An independent forum for a critical discussion of the integral philosophy of Ken Wilber

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British-born, Canadian Gerry Goddard was an astrologer, metaphysician, transpersonalist, consultant, writer, teacher and scholar whose special interest was the bridge between foundational astrology and the field of post-Jungian transpersonal studies. Gerry died unexpectedly in November of 2007 at the age of 64. Much of Gerry's written work is available at his memorial website:

Further thoughts on
holons, heaps and artifacts

Gerry Goddard (1943-2007)

I have never had a problem with the 'heap' distinction from SES onward - it is a most central and important distinction on which the very intelligibility of evolutionary hierarchy rests. (And through which any notion of panexperientialism or panpsychism could be preserved - Griffin in his book stresses this). The 'artifact' distinction did give rise to some confusion, but I always saw that it was implicit that such (i.e. ideas, institutions, mathematical concepts, technologies etc.) did not fit the natural evolutionary chain but, needed to be mapped as the creative productions of certain levels. These necessary elaborations do not however alter the thrust of my own arguments and main concerns.

From the beginning I have greatly appreciated Wilber's arguments against the common holistic and mistaken notion of the sequence: atoms, molecules, cells, organismic individuals, societies/eco-systems, biosphere, cosmos. I certainly have no arguments with the necessary parallel logic (all the way up) of individual and social.

Also, I agree that any truly integral approach must include inner and outer, individual and social dimensions - I, we, and it. In that sense the 4-Quad. model is fine methodologically as far as it goes (but only if it remains fluid, which means it has to be open to criticism that may sometimes cut deeper than merely adding details). The whole Integral Institute thing sounds most exciting and promising. We certainly do need an approach that reaches beyond current fragmentation and chaotic multiplicity toward holarchically higher perspectives which transcend and include. But if any one model or philosophical approach, no matter how far reaching its scope, becomes paradigmatic for that higher Integral perspective, then that model should be open to a process of critique and modification as one aspect of the integral process itself.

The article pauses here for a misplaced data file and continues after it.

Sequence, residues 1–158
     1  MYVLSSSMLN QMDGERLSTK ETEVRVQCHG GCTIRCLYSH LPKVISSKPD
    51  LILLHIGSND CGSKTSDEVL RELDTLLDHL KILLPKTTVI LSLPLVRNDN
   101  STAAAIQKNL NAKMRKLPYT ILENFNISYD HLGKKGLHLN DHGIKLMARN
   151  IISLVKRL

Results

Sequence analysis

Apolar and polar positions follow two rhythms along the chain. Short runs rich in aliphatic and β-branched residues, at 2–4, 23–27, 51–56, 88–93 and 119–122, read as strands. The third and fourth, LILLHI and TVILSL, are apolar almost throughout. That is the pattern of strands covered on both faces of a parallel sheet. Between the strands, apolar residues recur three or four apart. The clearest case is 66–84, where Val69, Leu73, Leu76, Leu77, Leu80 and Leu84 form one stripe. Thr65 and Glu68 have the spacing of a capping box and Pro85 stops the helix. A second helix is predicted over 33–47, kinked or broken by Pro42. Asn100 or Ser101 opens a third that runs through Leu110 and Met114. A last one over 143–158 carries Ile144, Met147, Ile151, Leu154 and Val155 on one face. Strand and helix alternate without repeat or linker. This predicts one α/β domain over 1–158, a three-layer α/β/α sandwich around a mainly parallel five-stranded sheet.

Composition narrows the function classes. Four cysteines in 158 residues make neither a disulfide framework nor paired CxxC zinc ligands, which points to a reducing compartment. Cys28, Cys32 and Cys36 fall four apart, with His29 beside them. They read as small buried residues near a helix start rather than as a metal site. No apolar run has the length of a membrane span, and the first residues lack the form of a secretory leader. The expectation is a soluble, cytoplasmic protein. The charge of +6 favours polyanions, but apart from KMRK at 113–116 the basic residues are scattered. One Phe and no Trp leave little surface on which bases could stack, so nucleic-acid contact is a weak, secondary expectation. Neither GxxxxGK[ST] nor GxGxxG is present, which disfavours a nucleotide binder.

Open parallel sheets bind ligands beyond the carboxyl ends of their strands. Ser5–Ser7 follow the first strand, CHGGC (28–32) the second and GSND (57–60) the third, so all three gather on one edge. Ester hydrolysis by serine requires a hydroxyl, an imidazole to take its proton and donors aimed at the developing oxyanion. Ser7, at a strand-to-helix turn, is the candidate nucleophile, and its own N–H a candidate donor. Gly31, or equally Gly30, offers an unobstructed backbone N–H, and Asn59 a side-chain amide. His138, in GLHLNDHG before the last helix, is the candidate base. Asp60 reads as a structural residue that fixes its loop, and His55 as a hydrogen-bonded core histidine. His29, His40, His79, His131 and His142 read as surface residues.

More specifically, if the notion of *Integral* is founded too strictly on KW's Four-Quad. model precisely as mapped, then this otherwise fine notion of Integral might implicitly truncate or disallow certain views that are unfairly and prima facie relegated (by focussing on their less adequate - even if common - formulations) to lower levels of the chain. Such a disallowing of the criticism of its basic structure characterizing them as a lower level green Meme, would be doing what Wilber says of green; namely, that it looks at yellow but sees only red!

My concerns in my paper are:

  1. the agentic/communal polarity needs to be more satisfactorily integrated into the model mapping its logical relation to individual/society;
  2. that Left/Right and Upper/Lower should not be mapped at different logical levels (i.e. as mapped, Upper/Lower is meta-holonic relating two types of holon, not two poles of one holon as is Left/Right);
  3. that Left/Right needs to reveal its inherent dyadic epistemological logic;
  4. that the dialectical cross polarity of the agency and communion poles of both types of holon be mapped;
  5. that an ontological equivalence of particle and field, individual and collective underlying the developmental epistemological interplay of individual and group be mapped (i.e. I believe that there is an implicit ontological bias toward the individual pole in Wilber's conception whereas such imbalances are developmentally epistemological this side of the transpersonal).

My view distinguishes between "Janus-faced" and "dialectical" polarities while opening a logical space for views which I believe have been somewhat simplistically characterized and rejected by Wilber. However, I am certainly not here disputing that which is valid and most important in his critiques of flatland holism, fanatically closed greenism, and extreme constructivist postmodernism. But I believe that there are some important core concepts within some of the views he interprets and dismisses as rigidly green or obsolete. I believe certain of these concepts or approaches can be re-framed in terms of my modified map insofar as it carries some different implications as to what constitutes an "integral" perspective.

Thanks for the opportunity to share these thoughts.

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